This is the latest installment of our series Faces of the Farm Bill, wherein we set out to humanize the real-world impacts of ag policy.
For the last seven years, Kristy Kinlicheenie has worked as a 4-H extension assistant at the University of Arizona’s Apache Cooperative Extension in the city of St. Johns. That’s roughly 100 miles south of Window Rock, where Kinlicheenie grew up on the Navajo Nation.
It’s not uncommon for the county offices serving tribal communities to be located far from their tribal lands, which creates challenges and inequities with “a huge disconnect there with what services they can provide,” according to Kinlicheenie.
These geographic barriers drawn by jurisdictional boundaries create confusion and hurdles for local counties, neighboring states, and federally recognized tribes. Those challenges extend to the Federally Recognized Tribes Extension Program (FRTEP), a research-driven service that provides outreach and support to Indigenous farmers and ranchers on their reservations, bypassing long-standing county extension offices.
Although Arizona is home to a fifth of all FRTEP agents nationwide, less than a third of the state’s 22 federally recognized tribal communities receive support from tribal extension services.
That leaves the other two-thirds of Arizona tribes without any support clamoring for dedicated FRTEP agents, according to Trent Teegerstrom, associate director for tribal extension programs at the University of Arizona’s College of Agriculture and Life Sciences. “If I try to get one for you, I have to take it away from somebody [else].”
Fraught with decades of inequity, the Native Farm Bill Coalition is trying to fix FRTEP and its problematic grant funding model in the upcoming farm bill. The group’s “Gaining Ground” report outlines key recommendations, including raising annual funding, which would allow the research program to reach 100 reservations or more in the next four years.
Kinlicheenie, 32, specializes in 4-H youth programming through county extension for Apache County and helped found the Navajo Nation 4-H Program, but she regularly collaborates with the seven FRTEP agents scattered across six tribal communities in Arizona. Although she isn’t directly funded by that program, she has seen firsthand the challenges FRTEP agents face while trying to serve the state’s tribal communities.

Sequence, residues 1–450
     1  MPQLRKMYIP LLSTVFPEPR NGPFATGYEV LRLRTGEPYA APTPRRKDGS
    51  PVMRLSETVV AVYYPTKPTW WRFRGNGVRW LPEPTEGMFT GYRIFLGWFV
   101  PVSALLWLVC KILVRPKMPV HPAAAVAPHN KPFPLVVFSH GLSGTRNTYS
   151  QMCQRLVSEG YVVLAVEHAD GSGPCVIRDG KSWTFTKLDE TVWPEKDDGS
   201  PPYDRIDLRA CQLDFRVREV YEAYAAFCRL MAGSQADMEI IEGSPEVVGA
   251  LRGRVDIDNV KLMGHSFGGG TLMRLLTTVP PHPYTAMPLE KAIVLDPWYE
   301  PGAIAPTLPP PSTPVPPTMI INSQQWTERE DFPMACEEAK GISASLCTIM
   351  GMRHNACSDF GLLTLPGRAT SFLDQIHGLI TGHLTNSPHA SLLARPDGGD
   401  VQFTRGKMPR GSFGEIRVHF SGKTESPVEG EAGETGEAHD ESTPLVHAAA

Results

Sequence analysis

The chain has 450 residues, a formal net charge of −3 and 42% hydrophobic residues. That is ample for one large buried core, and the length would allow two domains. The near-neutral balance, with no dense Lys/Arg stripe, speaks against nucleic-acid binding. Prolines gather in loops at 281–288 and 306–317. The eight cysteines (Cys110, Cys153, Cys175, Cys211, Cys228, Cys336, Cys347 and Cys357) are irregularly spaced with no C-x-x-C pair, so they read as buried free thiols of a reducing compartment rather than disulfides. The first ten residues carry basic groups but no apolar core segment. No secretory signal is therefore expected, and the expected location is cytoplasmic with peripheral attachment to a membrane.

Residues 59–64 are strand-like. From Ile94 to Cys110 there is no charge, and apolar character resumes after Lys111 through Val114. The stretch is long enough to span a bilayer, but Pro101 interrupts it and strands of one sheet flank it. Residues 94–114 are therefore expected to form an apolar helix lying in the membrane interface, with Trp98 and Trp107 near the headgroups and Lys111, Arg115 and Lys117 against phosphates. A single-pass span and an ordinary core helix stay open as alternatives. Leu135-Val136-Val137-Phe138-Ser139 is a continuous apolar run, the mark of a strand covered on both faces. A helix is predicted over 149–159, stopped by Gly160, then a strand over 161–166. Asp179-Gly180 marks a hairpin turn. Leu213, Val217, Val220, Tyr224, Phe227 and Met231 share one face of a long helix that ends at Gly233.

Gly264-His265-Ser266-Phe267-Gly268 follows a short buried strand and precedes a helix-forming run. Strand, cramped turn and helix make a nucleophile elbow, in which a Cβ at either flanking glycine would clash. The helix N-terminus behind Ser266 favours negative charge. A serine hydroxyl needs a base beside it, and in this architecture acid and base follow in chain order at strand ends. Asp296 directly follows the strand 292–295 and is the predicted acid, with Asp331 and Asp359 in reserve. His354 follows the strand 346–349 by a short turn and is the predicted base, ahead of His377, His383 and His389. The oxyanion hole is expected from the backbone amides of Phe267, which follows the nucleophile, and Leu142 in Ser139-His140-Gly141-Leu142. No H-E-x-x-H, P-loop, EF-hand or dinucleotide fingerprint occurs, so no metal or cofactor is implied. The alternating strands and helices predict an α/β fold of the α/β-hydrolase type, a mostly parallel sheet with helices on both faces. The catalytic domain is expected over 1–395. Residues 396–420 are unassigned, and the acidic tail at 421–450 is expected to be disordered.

Kinlicheenie spoke with Civil Eats about the Cooperative Extension System, her hopes for the 2023 Farm Bill, and the importance of funding FRTEP agents who are embedded within reservations throughout Indian Country.
Tribal youth win awards at the 2022 Arizona 4-H State Horse Show held at the Navajo County Fairgrounds in Holbrook. (Courtesy of Kristy Kinlicheenie)
How did you end up at the Apache County Extension office?
My mom and dad were ranchers. They instilled the love of horses and livestock in me. I didn’t know what, but I wanted to be somebody in agriculture as I got older. The first thing that came to me is that I wanted to be a doctor for horses and animals.
While growing up, I volunteered at the Navajo Nation Veterinary Clinic at Window Rock. I built those relationships so that when I graduated from Navajo Technical University and Colorado State University, they had a position to work on a mobile unit. My summers were spent traveling, working with different doctors from all over the Nation getting dogs and cats spayed and neutered.
I did that until I saw the job with the University of Arizona. I didn’t have any background with 4-H or county extension, but I loved teaching kids and sharing knowledge. I’m an educator at heart.
How did you handle any personal or cultural transitions into county extension?
I did an internship with the USDA National Diagnostic Services Laboratories in Ames, Iowa, and that was the first time I was away from my community. I was a born-and-raised rez kid. I had a huge culture shock. I learned that how we perceive our community, our home, even our family dynamics are totally different from how the outside world does.